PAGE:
Drop Sense75: Typing feel
This is where the Sense75 can come into its own, but it will need a little work to get there.
Out of the box, the board feels fine. The keys themselves are sat on top of tactile switches (which provide nice, positive feedback), and they all feel and sound great. The space bar, enter and delete, however, rattle a little from some stabilizers that lack lubricant, and the whole board has a kind of hollow sound to it.
That’s where the Sense75 needs a little extra work. The stabilizers will need you to layer some lubricant on, or outright replacing, while the back of the PCB inside the keyboard could do with some tape to make it sound better. For the latter, Drop includes a sheet of sticky foam to stick to the PCB, shaped to fit perfectly. The lubing will require a bit more work and research, but it’s easy enough if you’ve got an hour or two to spare.
Once you’ve done both, the Sense75 sounds and feels amazing, with far less rattle, some proper poppy-sounding keys, and a very positive overall feel. The fact that it needs this work is annoying, but it won’t cost extra to do one of the mods, and the other only costs a couple of dollars — and both are well worth doing.
Going back briefly to the switches. They are Drop’s own Holy Panda X switches, and they’re a tactile option. They feel great, come pre-lubricated for smooth travel all the way down the keypress, and they can be swapped out if you want something different.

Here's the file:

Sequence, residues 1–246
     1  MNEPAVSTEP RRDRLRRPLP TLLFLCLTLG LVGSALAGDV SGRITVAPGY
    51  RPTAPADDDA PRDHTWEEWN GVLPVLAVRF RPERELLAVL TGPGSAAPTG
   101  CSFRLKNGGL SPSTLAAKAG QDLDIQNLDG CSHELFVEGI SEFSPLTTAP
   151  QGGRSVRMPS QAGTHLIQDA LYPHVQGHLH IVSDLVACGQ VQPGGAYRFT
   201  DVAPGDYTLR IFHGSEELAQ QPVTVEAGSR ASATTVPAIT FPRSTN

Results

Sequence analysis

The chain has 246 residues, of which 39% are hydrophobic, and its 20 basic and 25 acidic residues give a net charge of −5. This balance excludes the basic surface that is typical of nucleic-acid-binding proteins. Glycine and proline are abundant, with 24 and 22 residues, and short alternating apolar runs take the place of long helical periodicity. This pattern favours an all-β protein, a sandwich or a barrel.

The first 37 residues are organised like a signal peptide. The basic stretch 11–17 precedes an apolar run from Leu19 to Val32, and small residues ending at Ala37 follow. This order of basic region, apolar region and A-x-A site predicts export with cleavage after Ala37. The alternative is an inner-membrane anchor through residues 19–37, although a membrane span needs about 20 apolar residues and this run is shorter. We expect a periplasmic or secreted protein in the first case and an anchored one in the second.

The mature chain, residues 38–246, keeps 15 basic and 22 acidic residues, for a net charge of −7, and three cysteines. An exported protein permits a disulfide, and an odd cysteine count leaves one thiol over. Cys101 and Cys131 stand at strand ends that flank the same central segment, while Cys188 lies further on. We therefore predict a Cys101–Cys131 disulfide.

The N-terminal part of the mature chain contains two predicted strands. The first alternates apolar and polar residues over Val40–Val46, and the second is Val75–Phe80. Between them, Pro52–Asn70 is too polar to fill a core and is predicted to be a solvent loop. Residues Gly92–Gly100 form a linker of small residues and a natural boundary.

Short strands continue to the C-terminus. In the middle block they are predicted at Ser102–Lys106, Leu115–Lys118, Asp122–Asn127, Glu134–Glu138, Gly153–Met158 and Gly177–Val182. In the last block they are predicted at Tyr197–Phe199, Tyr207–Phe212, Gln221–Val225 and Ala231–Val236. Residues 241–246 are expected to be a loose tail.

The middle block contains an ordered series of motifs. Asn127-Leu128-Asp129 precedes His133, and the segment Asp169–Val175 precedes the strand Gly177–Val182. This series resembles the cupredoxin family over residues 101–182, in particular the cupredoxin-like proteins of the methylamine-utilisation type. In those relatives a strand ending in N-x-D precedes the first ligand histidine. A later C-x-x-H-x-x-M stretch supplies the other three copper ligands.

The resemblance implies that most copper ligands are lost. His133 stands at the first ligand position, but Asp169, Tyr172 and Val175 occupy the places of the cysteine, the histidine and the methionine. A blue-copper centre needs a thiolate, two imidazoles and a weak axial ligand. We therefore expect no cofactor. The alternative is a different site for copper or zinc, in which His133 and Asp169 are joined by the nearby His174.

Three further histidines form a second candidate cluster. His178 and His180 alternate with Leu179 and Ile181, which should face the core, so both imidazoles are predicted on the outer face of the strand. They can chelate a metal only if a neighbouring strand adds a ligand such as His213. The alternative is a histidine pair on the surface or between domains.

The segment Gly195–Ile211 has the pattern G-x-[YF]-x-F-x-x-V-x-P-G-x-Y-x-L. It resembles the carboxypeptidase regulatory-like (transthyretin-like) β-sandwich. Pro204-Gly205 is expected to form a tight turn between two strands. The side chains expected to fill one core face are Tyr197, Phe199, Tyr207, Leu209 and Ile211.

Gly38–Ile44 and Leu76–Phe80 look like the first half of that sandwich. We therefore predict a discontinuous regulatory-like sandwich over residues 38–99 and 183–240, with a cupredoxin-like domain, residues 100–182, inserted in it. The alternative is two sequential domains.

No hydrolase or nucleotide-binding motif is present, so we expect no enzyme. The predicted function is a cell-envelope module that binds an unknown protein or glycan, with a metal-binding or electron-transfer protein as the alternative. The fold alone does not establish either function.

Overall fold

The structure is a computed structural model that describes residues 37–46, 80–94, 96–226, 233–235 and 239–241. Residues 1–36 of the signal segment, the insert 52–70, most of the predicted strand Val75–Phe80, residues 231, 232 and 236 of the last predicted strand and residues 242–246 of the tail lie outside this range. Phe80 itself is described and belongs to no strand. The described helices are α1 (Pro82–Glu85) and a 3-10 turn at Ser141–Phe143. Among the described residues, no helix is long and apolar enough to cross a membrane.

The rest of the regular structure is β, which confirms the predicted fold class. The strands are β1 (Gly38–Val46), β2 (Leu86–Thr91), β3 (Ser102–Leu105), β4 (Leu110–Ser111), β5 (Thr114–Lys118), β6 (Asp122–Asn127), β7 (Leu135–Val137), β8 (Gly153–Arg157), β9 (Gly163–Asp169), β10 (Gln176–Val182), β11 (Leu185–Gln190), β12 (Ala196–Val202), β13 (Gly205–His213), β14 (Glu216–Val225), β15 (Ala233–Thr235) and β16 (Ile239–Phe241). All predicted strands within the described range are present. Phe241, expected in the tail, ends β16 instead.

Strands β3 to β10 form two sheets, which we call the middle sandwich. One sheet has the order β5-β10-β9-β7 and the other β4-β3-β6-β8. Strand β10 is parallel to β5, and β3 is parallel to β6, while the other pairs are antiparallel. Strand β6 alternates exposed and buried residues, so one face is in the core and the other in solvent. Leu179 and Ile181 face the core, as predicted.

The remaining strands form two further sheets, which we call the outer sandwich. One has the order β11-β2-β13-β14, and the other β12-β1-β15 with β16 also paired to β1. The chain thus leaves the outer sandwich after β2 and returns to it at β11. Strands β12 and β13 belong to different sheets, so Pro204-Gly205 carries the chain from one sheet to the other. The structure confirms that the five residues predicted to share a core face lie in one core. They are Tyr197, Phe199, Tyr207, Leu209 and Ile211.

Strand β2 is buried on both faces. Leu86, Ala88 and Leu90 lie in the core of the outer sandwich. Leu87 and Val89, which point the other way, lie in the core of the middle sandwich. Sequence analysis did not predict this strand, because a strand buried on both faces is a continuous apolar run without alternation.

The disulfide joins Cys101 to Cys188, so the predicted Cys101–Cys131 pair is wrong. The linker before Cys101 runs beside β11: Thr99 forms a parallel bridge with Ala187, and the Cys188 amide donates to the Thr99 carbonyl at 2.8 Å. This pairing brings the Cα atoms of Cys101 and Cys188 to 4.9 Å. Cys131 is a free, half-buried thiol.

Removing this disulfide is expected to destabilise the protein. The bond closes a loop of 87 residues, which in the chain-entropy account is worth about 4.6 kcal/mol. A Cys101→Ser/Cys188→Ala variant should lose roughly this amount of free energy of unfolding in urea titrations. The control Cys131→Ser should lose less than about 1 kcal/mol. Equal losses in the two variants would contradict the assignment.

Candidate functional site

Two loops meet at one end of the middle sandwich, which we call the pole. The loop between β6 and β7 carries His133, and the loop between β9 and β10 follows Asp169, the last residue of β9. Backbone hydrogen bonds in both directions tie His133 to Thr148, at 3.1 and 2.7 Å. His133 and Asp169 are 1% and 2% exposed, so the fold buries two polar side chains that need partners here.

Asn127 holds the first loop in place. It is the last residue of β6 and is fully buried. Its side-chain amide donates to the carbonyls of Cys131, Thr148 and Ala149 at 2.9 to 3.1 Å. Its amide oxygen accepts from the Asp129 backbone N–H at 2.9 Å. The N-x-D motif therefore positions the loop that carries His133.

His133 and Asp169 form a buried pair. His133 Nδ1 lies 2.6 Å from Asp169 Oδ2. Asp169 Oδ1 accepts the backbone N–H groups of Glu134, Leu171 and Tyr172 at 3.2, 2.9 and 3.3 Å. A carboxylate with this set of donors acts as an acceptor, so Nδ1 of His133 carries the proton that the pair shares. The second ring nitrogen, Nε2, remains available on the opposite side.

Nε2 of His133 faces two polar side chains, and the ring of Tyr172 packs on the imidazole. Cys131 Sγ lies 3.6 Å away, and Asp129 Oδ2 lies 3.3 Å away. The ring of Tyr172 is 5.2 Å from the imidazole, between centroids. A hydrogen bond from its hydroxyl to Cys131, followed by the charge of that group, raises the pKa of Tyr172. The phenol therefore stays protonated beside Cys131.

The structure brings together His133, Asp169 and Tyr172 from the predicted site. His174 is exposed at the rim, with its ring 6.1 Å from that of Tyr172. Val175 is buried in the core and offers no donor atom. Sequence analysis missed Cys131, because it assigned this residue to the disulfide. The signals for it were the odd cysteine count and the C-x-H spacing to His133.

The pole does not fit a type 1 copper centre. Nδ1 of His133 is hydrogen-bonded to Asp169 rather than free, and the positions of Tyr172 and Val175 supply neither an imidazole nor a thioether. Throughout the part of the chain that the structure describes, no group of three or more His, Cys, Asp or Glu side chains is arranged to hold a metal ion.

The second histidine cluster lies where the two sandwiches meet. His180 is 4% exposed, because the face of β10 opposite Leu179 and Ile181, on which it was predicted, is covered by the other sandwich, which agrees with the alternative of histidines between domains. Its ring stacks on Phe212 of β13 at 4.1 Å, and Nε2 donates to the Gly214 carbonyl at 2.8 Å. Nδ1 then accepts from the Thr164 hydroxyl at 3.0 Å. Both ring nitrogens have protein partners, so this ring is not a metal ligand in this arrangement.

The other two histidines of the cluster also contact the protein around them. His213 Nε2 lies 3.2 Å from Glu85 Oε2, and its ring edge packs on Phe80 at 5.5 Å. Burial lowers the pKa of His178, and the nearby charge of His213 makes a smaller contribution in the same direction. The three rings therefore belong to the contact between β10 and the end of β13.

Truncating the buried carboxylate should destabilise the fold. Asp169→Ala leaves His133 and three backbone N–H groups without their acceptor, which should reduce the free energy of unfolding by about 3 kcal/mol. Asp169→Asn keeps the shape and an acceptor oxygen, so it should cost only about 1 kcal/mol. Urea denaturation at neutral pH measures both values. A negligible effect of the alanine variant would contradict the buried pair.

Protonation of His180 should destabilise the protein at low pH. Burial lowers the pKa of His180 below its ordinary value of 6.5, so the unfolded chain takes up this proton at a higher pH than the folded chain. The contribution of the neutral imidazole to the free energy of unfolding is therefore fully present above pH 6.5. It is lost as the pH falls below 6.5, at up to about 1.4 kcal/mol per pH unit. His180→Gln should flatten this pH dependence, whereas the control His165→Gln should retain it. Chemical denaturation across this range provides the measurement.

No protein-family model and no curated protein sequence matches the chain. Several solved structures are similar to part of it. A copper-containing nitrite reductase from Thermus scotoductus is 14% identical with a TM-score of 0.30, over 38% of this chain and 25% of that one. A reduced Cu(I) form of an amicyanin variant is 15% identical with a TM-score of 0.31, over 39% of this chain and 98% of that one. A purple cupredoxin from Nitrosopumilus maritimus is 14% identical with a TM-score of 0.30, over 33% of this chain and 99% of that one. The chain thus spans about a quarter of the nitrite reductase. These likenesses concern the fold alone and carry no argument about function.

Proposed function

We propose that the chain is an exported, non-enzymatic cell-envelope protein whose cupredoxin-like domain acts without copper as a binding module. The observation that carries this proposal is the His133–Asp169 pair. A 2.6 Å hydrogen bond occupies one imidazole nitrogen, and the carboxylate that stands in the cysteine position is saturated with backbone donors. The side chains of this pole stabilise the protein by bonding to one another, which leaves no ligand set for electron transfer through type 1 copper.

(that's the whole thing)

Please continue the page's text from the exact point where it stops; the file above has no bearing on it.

Drop Sense75: Competition
There are loads of different options out there. Don’t want to spend any time modding your keyboard? The Nuphy Halo75, a pre-built keyboard that is wonderful out of the box, the Keychron Q1 Pro which is also wicked out of the box but encourages modding with an easily opened case, and more.
Want to spend a little more and get something that you can build yourself? The Glorious GMMK Pro is a custom keyboard you build, and it looks and feels great.
After some work, however, the Sense75 feels better than almost all of them — It’s whether you’re willing to put the work in, that’s where the value lies.
Drop Sense75: Should you buy this?
You should buy this if…
- You want a project keyboard
- You want something simple
- You like tactile switches
You shouldn’t buy this if…
- You want something perfect out of the box
- You want something a little more interesting
Drop Sense 75: Verdict
The Drop Sense75 is a very solid keyboard at a middling to okay price. Considering you have to put some work in it perhaps should cost a little less, but the complete package feels good.
Spend a couple of dollars and open it up, however, and you’ve got one of the best-sounding decks around. It’s simple, it can sound great, and if you want a new hobby, it’s a great starting point.
Not for the faint of heart
Want something that’s solid out of the box? You might need to look around for something different. Willing to put some work in? You’ve just found your next keyboard.